Eating Disorder Awareness Week
February 22nd through the 28th is National Eating Disorder Awareness Week, so we will be sharing information on the broad symptoms, causes and long-term repercussions of these scary diseases. Often society can be dismissive to the signs of an eating disorder, but it is important to be keenly aware of how prevalent these diseases have become. No one is immune to eating disorders, although some groups have higher likelihood of being susceptible. Below we will cover common misconceptions, those groups at higher risk, warning signs, and long-term effects on health.
Are people with eating disorders always thin?
Up to 40% of overweight girls and 37% of overweight boys are teased about their weight by peers or family members. Weight teasing predicts weight gain, binge eating, and extreme weight control measures.
Weight-based victimization among overweight youths has been linked to lower levels of physical activity, negative attitudes about sports, and lower participation in physical activity among overweight students. Among overweight and obese adults, those who experience weight-based stigmatization engage in more frequent binge eating, are at increased risk for eating disorder symptoms, and are more likely to have a diagnosis of binge eating disorder.
Who is most likely to have an eating disorder?
Eating disorders have historically been associated to young, white, heterosexual females, but evidence shows that everyone is susceptible to unhealthy eating disorders. However, there are groups that show a greater likeliness to develop risky eating patterns. Athletes, people with disabilities, Jewish, LGBTQ+ and people of color are known groups to be at risk to suffer from an eating disorder at some point in their lifetime. Identity and eating disorders are strongly linked psychologically as youth decipher the hard truths of discovering who they are. Understanding that eating disorders do not discriminate is key to providing everyone with support and a diagnosis.
What are the warning signs of an eating disorder?
Parents and family members are often the first to identify when their loved one is struggling with an eating disorder. Limiting or refusing food, eating past fullness, increased anxiety or comments about body image, changes in mood and excessive exercise are all causes for concern. If you are observing disordered behaviors and your child is adopting a defensive stance when you bring up those concerns, your child may be dealing with an eating disorder.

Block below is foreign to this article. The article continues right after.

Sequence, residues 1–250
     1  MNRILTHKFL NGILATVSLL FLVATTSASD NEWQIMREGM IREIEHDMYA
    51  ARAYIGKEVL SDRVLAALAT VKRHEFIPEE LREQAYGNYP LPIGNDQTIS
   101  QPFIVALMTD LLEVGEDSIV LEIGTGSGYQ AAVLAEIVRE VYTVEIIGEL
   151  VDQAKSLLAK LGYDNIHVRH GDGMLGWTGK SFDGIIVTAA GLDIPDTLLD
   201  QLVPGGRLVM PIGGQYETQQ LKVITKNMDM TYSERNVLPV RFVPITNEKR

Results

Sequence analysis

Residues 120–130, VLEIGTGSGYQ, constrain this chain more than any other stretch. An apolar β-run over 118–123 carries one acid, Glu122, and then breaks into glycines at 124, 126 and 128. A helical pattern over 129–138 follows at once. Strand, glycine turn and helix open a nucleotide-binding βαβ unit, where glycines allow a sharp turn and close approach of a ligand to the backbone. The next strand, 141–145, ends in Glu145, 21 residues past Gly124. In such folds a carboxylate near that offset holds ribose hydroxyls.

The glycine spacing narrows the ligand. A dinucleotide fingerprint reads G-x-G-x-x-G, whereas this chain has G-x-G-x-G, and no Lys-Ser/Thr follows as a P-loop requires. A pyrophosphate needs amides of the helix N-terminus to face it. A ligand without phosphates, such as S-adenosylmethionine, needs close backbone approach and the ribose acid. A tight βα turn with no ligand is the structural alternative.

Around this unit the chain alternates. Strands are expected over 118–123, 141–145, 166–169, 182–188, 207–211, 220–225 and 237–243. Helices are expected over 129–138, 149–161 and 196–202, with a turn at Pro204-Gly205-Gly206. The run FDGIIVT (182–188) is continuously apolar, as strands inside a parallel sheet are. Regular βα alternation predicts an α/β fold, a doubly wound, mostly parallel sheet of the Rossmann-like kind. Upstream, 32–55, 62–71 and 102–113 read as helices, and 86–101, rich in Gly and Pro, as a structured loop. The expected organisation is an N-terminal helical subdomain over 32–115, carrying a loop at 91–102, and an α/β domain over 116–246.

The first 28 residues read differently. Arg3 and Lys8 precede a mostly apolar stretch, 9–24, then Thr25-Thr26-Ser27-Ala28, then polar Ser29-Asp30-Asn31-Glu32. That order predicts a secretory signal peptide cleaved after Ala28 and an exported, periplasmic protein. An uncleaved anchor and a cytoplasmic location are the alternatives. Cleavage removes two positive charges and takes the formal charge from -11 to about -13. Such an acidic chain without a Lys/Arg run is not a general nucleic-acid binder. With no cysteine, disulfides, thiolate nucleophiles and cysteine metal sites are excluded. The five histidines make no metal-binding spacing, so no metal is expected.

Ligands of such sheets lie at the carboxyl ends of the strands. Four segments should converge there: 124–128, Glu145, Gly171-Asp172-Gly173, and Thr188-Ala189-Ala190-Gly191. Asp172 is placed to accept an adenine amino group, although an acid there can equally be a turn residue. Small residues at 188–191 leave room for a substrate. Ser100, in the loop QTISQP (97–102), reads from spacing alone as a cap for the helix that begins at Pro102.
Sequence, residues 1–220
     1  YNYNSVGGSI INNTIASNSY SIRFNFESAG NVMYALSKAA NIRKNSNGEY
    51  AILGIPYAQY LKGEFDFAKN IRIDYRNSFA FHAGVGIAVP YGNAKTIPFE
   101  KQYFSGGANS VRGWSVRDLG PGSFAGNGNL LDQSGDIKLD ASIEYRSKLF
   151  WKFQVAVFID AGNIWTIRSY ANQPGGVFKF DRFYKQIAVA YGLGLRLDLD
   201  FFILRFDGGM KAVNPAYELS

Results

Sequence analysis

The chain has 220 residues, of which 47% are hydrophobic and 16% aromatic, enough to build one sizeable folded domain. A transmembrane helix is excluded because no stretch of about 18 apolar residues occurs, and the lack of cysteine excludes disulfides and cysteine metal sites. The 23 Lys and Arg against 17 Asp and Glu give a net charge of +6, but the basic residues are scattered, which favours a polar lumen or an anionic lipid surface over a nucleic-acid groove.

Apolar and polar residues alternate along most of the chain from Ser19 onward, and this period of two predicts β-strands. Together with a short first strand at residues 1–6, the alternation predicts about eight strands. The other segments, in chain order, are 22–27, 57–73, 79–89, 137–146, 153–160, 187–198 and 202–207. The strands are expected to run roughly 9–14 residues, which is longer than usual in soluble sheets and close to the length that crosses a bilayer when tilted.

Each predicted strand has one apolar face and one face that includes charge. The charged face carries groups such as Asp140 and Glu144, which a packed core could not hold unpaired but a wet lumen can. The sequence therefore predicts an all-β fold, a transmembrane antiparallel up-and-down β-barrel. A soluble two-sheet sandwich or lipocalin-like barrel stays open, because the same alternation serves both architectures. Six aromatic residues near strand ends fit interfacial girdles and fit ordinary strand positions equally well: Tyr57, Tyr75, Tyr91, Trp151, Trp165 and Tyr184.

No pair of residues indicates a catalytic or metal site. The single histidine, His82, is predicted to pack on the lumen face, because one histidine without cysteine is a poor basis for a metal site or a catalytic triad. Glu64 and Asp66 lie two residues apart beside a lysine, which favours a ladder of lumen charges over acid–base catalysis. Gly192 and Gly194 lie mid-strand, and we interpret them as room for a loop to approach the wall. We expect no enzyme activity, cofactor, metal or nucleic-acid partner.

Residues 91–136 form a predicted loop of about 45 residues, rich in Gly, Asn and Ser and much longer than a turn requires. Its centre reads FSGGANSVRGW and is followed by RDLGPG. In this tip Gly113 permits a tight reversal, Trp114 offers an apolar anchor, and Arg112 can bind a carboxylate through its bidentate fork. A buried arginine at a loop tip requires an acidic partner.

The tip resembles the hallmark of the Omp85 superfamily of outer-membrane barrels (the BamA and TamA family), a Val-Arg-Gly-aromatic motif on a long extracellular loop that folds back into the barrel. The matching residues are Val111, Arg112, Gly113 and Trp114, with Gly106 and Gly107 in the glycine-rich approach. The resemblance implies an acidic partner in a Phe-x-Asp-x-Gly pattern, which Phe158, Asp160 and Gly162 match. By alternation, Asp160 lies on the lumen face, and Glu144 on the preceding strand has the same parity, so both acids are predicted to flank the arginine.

If you are concerned about yourself or a loved one, this short, confidential screening tool can help determine if it is time to seek professional help.
What can I do to create body positivity for my child?
Confident Body, Confident Child (CBCC) is an evidence based resource that aims to guide parents in best practices to create an environment for a child to develop healthy eating patterns and body satisfaction for children ages 2 to 6 years old. Even though it was developed for early childhood, it is also valuable to reinforce these strategies with older children, too. A team of researchers compiled the leading existing data into practical strategies that the whole family could use including workshops and fun activities for all ages.
The Body Project is a group-based intervention that provides a forum for high school girls and college aged women to confront unrealistic appearance ideals and develop healthy body image and self-esteem. It has repeatedly been shown to effectively reduce body dissatisfaction, negative mood, unhealthy dieting and disordered eating. Your child’s school may already offer a similar program and paired with focused body positivity in the home are excellent foundations toward a healthy outlook about weight.
Both of these options are prevention programs, so if you are in a situation with an active eating disorder, you should contact us to discuss treatment plans and how to best approach your child.
What are the health risks of an eating disorder?
Eating disorders have the second highest mortality rate of all mental health disorders, surpassed only by opioid addiction. The list of physical consequences is long including cardiovascular compromise, malnutrition, stunted growth and high rate of fractures. Eating disorders are serious conditions that can have a profound mental and physical impact, including death. This should not discourage anyone struggling—recovery is real, and treatment is available. Statistics on mortality and eating disorders underscore the impact of these disorders and the importance of treatment. If you are concerned about your child’s eating patterns, schedule an appointment with us to discuss your situation and options for treatment.